From the VCE Computing Study Design 2016–2019 > page 11

VCE Computing Glossary

Note – text in red is my commentary and notes. I have also changed the formatting and text styles to highlight key dot points.

For the purposes of this study design and associated assessment the following definitions will apply.

Application architecture Application architecture is the process of identifying the components, and their interrelationships, of a structured (software) solution that meets all of the technical and operational requirements, while optimising common quality attributes such as performance, security and manageability. There are styles of application architecture such as

  • client-server,
  • peer-to-peer,
  • rich client and
  • service oriented.

Computational thinking Computational thinking is a process of recognising aspects of computation in the world and being able to think logically, algorithmically, recursively and abstractly. It is about systematic problem solving in light of the capabilities of digital systems. It typically involves thinking abstractly, defining problems through decomposition, documenting steps and decisions through algorithms, transforming algorithms through the use of programming languages and software that supports automation, and evaluating the resulting digital solutions.

Data types Data types are the particular forms that an item of data can take including numeric, character and Boolean, and are characterised by the kind of operations that can be performed on it. Depending on the software being used, these fundamental types can be divided into more specific types, for example integer and floating point are numeric types. More sophisticated types can be derived from them, for example a string of characters or a date type and their names may vary, such as text data type versus string data type. Note – The data types that are relevant to each subject (ITI, SD, Units 1+2) are different.

Design brief A design brief is a statement that contains an outline of a situation, context, problem, need or an opportunity, and constraints or conditions under which a solution must be developed. It is sometimes important to create a solution that not only meets the current needs but has the capacity to meet future or changing needs. It provides a basis from which students can apply some or all of the stages of the problem-solving methodology when creating digital solutions.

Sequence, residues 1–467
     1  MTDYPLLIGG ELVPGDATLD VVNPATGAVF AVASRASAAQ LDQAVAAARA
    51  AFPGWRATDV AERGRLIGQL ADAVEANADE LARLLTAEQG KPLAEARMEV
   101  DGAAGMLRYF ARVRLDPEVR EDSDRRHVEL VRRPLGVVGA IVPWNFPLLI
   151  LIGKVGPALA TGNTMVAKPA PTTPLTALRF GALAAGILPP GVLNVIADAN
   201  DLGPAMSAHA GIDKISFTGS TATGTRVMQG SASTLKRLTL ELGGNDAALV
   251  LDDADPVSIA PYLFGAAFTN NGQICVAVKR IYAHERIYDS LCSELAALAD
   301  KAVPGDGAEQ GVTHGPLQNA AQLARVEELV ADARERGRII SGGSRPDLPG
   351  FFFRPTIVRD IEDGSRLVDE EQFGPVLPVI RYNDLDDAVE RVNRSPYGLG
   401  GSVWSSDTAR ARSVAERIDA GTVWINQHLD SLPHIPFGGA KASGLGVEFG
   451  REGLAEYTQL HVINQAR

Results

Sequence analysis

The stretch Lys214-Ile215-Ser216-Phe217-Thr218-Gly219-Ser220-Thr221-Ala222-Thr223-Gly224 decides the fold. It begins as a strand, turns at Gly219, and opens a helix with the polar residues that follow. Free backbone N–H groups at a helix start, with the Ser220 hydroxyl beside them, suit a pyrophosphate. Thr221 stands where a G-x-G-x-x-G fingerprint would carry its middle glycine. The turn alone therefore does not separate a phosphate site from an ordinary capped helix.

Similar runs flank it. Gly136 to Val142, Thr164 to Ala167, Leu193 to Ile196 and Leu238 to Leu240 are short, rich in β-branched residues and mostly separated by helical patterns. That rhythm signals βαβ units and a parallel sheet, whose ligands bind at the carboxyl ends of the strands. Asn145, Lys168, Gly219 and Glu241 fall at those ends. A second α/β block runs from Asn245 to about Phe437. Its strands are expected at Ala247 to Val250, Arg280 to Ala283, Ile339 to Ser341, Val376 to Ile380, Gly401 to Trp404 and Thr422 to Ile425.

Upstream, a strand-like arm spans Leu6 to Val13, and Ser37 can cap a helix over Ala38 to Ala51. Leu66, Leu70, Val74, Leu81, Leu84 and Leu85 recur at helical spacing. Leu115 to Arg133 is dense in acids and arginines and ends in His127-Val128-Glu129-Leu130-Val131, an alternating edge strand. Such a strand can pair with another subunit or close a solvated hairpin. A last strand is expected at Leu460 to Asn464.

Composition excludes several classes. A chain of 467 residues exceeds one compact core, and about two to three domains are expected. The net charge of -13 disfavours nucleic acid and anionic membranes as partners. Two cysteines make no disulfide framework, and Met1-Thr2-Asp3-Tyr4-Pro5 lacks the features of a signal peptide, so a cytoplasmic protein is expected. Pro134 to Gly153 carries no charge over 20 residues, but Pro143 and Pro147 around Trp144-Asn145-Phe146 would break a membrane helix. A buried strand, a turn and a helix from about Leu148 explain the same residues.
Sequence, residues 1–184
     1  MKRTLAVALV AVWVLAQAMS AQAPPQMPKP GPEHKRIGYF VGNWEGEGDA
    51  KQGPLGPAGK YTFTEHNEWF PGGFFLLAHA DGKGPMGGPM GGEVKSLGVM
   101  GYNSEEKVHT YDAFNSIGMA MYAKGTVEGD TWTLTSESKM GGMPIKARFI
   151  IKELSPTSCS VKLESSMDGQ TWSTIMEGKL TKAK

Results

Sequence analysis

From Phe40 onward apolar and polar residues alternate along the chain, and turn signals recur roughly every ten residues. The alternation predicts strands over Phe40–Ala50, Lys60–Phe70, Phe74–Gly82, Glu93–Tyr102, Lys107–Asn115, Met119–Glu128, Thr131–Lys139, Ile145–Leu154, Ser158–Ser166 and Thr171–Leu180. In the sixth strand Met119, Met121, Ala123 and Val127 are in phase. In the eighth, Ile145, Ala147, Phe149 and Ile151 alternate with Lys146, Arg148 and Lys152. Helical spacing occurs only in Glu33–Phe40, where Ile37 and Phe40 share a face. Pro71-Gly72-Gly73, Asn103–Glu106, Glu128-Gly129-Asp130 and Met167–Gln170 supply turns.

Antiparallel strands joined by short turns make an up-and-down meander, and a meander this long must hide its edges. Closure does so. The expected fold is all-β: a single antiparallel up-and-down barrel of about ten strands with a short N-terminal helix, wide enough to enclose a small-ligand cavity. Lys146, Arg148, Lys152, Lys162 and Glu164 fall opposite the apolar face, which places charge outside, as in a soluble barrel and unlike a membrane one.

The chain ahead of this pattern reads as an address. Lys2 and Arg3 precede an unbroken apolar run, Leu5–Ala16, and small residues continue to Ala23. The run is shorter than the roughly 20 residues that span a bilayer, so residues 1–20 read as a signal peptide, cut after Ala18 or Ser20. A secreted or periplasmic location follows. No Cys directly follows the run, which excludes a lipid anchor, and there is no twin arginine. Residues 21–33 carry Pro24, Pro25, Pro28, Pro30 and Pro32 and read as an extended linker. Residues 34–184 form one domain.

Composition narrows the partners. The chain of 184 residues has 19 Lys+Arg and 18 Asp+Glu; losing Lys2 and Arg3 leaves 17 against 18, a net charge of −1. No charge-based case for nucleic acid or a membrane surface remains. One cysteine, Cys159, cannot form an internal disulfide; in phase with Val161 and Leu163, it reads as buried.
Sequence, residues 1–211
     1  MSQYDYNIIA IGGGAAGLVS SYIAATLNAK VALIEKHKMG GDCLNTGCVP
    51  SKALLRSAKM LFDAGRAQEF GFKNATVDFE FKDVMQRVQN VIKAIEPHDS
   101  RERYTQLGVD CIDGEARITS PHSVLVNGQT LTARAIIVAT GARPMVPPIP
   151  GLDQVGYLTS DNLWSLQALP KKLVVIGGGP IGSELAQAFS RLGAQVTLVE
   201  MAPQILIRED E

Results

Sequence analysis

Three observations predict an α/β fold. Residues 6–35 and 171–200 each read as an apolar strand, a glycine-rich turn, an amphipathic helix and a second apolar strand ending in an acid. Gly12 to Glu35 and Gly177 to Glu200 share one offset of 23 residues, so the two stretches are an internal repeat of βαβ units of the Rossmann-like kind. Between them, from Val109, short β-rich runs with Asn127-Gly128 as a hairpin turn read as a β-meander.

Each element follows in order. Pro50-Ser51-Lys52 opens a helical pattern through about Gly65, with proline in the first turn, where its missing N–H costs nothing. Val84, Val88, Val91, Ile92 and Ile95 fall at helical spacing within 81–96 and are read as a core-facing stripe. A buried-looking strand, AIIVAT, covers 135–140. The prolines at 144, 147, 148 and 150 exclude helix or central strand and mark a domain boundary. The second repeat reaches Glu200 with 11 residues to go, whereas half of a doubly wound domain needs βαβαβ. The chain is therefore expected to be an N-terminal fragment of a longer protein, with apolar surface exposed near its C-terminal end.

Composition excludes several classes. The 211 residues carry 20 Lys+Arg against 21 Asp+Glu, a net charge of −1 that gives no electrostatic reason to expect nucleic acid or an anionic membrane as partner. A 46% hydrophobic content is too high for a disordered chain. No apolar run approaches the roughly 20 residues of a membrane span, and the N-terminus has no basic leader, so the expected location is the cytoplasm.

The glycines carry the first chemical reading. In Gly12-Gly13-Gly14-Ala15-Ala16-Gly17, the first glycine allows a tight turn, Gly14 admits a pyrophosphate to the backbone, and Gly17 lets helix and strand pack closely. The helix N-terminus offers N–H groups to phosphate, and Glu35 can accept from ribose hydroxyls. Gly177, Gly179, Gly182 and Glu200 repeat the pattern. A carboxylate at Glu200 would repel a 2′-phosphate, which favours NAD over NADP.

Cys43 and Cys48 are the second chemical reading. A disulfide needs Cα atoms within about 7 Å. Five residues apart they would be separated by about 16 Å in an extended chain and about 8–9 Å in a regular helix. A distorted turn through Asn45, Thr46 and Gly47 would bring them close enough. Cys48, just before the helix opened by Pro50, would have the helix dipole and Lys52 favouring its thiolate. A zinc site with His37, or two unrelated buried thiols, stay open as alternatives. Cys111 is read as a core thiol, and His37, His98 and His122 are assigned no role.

Design principles Design principles are accepted characteristics that contribute to the functionality and appearance of solutions. In this study the principles related to functionality are

  • useability, including
    • robustness,
    • flexibility
    • ease of use
  • accessibility, including
    • navigation and
    • error tolerance.

Design principles related to appearance are

  • alignment,
  • repetition,
  • contrast,
  • space
  • balance.

Design thinking Design thinking is a way of thinking critically and creatively to generate innovative ideas, evaluate them and precisely define the preferred solution so it can be created using a digital system. It involves a strong understanding of the needs of users and of ways of creating solutions that are more efficient or effective than existing ones. When designing, students use both convergent and divergent thinking skills: divergent thinking supports creativity and the generation of a range of ideas, and convergent thinking supports the selection of a preferred solution and the preparation of accurate and logical plans and instructions to digitally create the solution.

Efficiency Efficiency is a measure of how much

  • time,
  • cost and
  • effort